The most recent press releases about innovation >>>

Die letzten 5 Focus-News des innovations-reports im Überblick:

Im Focus: Carbon Nanotubes Turn Electrical Current into Light-emitting Quasi-particles

Strong light-matter coupling in these semiconducting tubes may hold the key to electrically pumped lasers

Light-matter quasi-particles can be generated electrically in semiconducting carbon nanotubes. Material scientists and physicists from Heidelberg University...

Im Focus: Flexible proximity sensor creates smart surfaces

Fraunhofer IPA has developed a proximity sensor made from silicone and carbon nanotubes (CNT) which detects objects and determines their position. The materials and printing process used mean that the sensor is extremely flexible, economical and can be used for large surfaces. Industry and research partners can use and further develop this innovation straight away.

At first glance, the proximity sensor appears to be nothing special: a thin, elastic layer of silicone onto which black square surfaces are printed, but these...

Im Focus: 3-D scanning with water

3-D shape acquisition using water displacement as the shape sensor for the reconstruction of complex objects

A global team of computer scientists and engineers have developed an innovative technique that more completely reconstructs challenging 3D objects. An ancient...

Im Focus: Manipulating Electron Spins Without Loss of Information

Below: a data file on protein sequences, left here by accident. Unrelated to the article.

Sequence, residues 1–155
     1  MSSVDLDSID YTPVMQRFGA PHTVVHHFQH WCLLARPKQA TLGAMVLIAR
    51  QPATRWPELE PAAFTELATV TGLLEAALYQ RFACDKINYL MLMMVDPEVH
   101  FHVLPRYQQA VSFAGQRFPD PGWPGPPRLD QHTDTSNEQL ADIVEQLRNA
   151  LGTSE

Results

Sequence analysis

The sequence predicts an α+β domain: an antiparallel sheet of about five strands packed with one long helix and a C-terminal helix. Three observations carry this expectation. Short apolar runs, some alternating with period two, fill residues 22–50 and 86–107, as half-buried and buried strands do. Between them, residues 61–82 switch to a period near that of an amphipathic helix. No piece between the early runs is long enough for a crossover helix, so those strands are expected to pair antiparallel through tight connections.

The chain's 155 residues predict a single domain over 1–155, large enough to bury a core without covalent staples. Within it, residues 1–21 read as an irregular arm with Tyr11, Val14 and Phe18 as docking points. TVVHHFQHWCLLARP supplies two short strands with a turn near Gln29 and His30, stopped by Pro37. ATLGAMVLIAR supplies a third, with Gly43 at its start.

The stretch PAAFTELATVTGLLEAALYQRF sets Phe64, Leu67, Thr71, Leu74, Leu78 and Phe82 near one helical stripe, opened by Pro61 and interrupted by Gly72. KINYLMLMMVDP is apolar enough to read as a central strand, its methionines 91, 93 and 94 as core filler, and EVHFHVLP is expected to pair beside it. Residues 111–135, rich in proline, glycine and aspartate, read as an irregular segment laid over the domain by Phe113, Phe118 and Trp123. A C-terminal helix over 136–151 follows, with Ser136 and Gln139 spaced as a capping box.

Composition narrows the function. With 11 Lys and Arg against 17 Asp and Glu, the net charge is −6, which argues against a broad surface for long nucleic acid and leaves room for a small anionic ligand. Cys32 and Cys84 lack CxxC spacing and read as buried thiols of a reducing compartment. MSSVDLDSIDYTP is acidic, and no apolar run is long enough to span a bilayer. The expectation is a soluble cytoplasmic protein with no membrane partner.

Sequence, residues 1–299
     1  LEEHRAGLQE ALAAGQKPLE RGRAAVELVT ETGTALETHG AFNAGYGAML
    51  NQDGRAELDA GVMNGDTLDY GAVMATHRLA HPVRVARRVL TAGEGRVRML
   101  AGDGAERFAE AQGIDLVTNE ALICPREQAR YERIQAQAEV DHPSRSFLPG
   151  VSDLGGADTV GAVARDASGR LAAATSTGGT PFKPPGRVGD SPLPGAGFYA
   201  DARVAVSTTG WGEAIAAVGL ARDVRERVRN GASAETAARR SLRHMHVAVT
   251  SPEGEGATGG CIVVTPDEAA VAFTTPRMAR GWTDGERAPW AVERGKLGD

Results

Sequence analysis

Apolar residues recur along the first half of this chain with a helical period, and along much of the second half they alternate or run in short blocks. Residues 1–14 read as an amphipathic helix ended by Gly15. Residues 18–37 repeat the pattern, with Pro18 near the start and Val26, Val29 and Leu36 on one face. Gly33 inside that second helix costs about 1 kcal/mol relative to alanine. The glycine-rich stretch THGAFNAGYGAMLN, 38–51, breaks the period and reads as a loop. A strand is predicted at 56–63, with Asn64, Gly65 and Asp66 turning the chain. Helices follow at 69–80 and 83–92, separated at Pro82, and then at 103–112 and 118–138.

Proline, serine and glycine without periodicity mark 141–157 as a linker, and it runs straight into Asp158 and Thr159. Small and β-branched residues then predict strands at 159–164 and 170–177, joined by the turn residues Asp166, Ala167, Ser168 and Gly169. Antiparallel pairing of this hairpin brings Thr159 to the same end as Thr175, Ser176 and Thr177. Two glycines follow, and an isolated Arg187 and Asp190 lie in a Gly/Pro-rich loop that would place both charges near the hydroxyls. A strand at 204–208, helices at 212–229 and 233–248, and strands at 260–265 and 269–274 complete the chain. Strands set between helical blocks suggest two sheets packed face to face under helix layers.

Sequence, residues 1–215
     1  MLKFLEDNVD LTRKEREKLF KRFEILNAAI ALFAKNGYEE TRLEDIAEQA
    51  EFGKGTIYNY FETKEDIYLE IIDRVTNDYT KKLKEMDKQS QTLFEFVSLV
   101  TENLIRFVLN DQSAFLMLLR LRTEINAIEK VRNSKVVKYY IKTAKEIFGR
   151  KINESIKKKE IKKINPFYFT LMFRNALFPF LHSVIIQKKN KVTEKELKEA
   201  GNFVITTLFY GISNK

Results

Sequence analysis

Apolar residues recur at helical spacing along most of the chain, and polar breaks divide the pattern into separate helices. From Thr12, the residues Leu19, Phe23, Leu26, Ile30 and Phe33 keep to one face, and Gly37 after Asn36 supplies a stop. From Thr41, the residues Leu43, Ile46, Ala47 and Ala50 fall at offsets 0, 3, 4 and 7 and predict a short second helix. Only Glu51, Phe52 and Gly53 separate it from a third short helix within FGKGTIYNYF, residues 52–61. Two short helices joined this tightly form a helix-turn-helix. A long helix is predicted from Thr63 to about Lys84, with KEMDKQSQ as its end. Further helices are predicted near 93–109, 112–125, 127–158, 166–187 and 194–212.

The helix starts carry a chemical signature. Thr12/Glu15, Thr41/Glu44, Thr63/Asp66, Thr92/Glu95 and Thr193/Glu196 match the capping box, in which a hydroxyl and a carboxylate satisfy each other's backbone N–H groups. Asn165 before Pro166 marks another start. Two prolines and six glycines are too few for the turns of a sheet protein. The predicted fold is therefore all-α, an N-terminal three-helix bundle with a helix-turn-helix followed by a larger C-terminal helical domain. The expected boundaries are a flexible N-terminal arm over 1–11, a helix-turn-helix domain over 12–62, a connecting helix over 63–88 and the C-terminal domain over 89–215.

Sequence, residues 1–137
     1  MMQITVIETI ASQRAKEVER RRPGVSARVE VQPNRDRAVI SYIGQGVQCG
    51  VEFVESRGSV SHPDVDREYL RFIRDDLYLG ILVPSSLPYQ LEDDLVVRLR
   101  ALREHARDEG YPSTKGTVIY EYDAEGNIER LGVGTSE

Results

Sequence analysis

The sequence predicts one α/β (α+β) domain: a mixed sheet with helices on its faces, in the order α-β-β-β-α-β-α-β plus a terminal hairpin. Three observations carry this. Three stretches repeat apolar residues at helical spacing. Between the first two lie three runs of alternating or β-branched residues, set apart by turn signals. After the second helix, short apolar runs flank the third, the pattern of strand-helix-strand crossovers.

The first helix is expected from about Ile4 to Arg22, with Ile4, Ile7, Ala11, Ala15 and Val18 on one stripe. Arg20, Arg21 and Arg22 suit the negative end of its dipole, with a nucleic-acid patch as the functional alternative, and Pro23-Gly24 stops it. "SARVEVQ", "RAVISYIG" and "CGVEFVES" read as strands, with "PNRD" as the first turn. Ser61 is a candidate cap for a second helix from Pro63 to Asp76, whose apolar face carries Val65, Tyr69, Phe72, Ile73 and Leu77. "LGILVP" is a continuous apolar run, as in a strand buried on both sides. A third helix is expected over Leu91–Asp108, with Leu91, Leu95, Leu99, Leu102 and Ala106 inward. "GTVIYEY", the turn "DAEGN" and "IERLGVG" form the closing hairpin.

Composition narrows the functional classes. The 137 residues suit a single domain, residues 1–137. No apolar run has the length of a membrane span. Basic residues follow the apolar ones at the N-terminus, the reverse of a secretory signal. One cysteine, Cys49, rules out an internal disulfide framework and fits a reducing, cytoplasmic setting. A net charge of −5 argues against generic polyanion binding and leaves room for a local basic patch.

Physicists have developed a new technique that uses electrical voltages to control the electron spin on a chip. The newly-developed method provides protection from spin decay, meaning that the contained information can be maintained and transmitted over comparatively large distances, as has been demonstrated by a team from the University of Basel’s Department of Physics and the Swiss Nanoscience Institute. The results have been published in Physical Review X.

For several years, researchers have been trying to use the spin of an electron to store and transmit information. The spin of each electron is always coupled...

Im Focus: The proton precisely weighted

What is the mass of a proton? Scientists from Germany and Japan successfully did an important step towards the most exact knowledge of this fundamental constant. By means of precision measurements on a single proton, they could improve the precision by a factor of three and also correct the existing value.

To determine the mass of a single proton still more accurate – a group of physicists led by Klaus Blaum and Sven Sturm of the Max Planck Institute for Nuclear...

All Focus news of the innovation-report >>>

Anzeige

Anzeige

Event News

Closing the Sustainability Circle: Protection of Food with Biobased Materials

21.07.2017 | Event News

»We are bringing Additive Manufacturing to SMEs«

19.07.2017 | Event News

The technology with a feel for feelings

12.07.2017 | Event News

 
Latest News

NASA mission surfs through waves in space to understand space weather

25.07.2017 | Physics and Astronomy

Strength of tectonic plates may explain shape of the Tibetan Plateau, study finds

25.07.2017 | Earth Sciences

The dense vessel network regulates formation of thrombocytes in the bone marrow

25.07.2017 | Life Sciences

VideoLinks
B2B-VideoLinks
More VideoLinks >>>